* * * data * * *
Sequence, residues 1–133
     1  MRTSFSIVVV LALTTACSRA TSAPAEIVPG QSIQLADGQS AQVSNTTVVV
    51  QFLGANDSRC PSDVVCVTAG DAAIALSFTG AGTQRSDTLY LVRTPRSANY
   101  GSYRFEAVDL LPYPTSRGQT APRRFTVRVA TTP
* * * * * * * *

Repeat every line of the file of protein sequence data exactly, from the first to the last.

Sequence, residues 1–133
     1  MRTSFSIVVV LALTTACSRA TSAPAEIVPG QSIQLADGQS AQVSNTTVVV
    51  QFLGANDSRC PSDVVCVTAG DAAIALSFTG AGTQRSDTLY LVRTPRSANY
   101  GSYRFEAVDL LPYPTSRGQT APRRFTVRVA TTP